Xerox's Phaser 3150 monochrome laser printer is a good printer in many respects, but its price is high for what you get. Larger offices - in which this model might function as a local unit for an executive, say - probably have enough additional hardware to fill in the gaps, but smaller offices will want a fuller-featured model.

Installing the Xerox Phaser 3150 is pretty easy. The setup poster's largely pictorial format is mostly clear. Like many corporate-bound printers, the installation is more à la carte than automatic; you have to choose the type of connection and select among various utilities as part of the process. I installed the Status Monitor, which deposits an icon in Windows' System Tray and puts up on-screen alerts when something is awry. It also offers troubleshooting help at any time.

The Xerox Phaser 3150 performed reasonably well in our tests. Its print times - 21 pages per minute for text documents, 5 ppm for graphics - were a bit above the average compared with other monochrome laser models we've tested to date. The Xerox Phaser 3150's print quality fared better: text looked perfectly smooth, crisp, and black. Photos appeared a little washed out and sometimes showed banding, but shading was nicely balanced.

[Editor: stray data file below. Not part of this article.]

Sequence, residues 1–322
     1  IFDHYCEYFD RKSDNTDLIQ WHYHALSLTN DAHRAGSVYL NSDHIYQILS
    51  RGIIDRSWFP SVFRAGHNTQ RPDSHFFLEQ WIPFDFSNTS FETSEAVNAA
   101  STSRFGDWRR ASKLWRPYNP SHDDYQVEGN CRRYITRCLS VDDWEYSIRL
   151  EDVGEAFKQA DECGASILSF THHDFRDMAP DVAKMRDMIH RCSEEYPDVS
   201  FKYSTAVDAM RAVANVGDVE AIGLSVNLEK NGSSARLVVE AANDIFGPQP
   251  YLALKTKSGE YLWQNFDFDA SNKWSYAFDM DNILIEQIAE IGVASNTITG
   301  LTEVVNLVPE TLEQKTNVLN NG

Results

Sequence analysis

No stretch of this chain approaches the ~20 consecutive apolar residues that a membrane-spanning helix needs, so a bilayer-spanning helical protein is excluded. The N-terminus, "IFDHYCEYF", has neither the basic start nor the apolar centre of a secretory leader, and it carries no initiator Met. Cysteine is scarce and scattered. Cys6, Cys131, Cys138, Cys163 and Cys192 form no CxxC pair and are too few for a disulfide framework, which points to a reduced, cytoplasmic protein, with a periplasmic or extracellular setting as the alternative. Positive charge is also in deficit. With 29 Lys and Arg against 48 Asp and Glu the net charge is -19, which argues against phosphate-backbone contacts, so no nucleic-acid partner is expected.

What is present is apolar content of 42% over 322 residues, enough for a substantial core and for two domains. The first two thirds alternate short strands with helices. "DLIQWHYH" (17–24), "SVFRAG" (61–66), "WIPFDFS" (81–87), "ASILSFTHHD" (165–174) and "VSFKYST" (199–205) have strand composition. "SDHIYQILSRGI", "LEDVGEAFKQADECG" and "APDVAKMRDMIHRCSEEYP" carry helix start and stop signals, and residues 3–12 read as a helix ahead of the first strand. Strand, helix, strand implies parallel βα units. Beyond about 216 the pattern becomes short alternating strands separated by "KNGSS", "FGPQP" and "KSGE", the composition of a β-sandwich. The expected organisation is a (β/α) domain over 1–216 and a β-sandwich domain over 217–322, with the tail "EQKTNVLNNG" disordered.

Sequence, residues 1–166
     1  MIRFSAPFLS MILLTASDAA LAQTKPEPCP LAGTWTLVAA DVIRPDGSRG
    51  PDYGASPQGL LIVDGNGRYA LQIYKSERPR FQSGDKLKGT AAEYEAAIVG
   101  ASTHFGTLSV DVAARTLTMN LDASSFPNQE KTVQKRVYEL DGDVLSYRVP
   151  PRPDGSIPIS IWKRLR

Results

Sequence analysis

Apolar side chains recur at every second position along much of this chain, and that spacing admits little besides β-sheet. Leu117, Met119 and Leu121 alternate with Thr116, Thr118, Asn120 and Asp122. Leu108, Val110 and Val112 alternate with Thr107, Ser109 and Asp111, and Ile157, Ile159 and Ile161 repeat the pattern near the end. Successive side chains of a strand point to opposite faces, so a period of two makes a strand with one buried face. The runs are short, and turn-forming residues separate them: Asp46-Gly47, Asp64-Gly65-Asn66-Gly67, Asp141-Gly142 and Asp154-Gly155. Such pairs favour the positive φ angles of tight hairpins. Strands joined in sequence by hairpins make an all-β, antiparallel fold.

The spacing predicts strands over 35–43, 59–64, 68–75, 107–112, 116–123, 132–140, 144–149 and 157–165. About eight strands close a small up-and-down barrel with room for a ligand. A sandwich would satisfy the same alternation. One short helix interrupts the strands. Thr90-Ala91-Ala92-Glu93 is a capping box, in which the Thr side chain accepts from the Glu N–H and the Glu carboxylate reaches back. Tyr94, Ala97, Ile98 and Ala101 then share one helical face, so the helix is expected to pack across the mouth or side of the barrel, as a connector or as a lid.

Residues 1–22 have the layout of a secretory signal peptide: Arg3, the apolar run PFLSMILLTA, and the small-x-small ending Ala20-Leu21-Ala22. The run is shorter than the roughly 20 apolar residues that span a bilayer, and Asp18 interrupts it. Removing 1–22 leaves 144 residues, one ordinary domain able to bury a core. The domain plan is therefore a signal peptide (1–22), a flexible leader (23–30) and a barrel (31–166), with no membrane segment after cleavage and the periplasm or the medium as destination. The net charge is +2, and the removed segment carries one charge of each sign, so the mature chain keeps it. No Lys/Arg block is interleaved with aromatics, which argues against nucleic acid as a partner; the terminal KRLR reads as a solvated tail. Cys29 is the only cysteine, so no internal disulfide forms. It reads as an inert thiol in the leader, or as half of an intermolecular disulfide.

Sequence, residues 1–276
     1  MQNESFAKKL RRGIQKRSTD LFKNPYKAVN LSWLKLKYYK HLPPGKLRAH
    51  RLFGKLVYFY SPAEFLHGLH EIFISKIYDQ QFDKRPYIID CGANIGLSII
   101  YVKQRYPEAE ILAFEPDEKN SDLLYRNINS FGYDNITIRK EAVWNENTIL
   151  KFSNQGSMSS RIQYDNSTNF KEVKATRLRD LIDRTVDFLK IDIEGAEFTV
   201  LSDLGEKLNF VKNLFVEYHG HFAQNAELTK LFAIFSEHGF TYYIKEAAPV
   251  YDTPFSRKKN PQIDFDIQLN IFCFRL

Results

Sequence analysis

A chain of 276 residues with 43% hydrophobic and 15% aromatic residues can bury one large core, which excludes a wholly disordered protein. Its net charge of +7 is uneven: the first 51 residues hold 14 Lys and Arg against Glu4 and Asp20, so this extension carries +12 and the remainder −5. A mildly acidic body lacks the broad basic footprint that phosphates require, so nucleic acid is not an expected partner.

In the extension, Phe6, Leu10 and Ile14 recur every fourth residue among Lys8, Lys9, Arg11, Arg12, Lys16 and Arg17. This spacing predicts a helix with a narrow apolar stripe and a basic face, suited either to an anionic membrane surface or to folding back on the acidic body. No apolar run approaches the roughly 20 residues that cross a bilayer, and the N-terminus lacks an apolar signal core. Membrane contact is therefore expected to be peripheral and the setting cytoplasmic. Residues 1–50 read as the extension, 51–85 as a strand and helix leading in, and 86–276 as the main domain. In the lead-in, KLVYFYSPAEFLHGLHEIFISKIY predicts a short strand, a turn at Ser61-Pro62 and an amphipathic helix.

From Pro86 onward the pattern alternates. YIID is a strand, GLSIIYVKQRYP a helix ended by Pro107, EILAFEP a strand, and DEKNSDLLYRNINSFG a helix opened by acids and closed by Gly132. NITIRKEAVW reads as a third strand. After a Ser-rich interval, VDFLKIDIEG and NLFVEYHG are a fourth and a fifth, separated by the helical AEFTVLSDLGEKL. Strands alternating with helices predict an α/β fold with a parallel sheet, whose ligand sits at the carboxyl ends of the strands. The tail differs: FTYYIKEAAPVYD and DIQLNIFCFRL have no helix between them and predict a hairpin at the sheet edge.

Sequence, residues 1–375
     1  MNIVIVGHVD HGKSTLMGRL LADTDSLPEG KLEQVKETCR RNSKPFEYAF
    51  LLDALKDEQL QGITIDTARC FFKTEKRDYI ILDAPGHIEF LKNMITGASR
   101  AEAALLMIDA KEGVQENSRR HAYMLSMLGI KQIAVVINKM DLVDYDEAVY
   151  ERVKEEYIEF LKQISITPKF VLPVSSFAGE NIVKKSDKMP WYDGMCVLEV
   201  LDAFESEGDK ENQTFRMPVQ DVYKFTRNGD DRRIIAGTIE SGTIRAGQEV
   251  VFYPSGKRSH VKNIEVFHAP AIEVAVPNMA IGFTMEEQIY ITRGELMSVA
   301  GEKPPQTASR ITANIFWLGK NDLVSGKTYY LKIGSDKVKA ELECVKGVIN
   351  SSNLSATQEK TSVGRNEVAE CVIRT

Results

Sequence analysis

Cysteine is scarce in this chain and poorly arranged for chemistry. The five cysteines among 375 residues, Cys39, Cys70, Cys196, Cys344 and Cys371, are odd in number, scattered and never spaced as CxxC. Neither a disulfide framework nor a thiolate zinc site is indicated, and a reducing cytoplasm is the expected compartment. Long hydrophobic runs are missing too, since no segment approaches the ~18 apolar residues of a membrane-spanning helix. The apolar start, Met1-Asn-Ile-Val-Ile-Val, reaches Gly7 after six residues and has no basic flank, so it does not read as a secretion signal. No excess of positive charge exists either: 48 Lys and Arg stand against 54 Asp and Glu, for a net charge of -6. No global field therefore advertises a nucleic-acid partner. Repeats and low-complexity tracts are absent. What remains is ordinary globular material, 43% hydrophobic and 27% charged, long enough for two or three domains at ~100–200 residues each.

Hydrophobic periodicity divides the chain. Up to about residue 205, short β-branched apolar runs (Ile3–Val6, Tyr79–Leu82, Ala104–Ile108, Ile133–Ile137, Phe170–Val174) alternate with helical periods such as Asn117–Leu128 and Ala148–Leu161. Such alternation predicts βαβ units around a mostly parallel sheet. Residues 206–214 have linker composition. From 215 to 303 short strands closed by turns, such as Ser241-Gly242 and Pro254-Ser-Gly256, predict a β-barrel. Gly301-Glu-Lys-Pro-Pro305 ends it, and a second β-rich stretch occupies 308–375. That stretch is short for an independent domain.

The design didn't fit the price, though: many basic parts seemed cheap or badly designed. The 250-sheet, letter/legal input tray in our test unit rattled noisily whenever I opened or closed it, and it flexed a lot, too. Its length and width markings are hard to see. The Xerox Phaser 3150's front panel has two parts - the multipurpose tray, and the door to the toner cartridge assembly. The latter's handle looks more like a nameplate, so many people will end up opening the multipurpose tray instead. Even the Xerox Phaser 3150's documentation does not differentiate the two sufficiently. The toner cartridge in my model, though seated properly, required a lot of effort to remove.

Cost per page is high. The Xerox Phaser 3150 comes with a full-size, 3500-page-capacity cartridge - a nice touch, when most models in this price range offer smaller starter versions.


The real problem with the Xerox Phaser 3150, however, is what it doesn't offer. You can't buy additional input trays, and you can't perform duplex printing - even manually - and you can't add a duplexer either. Parallel and USB connections are standard, but ethernet is optional. You can't even upgrade the memory (32MB is standard). This largely static configuration might be sufficient for a single user, but more versatile models are available - and many cost less as well.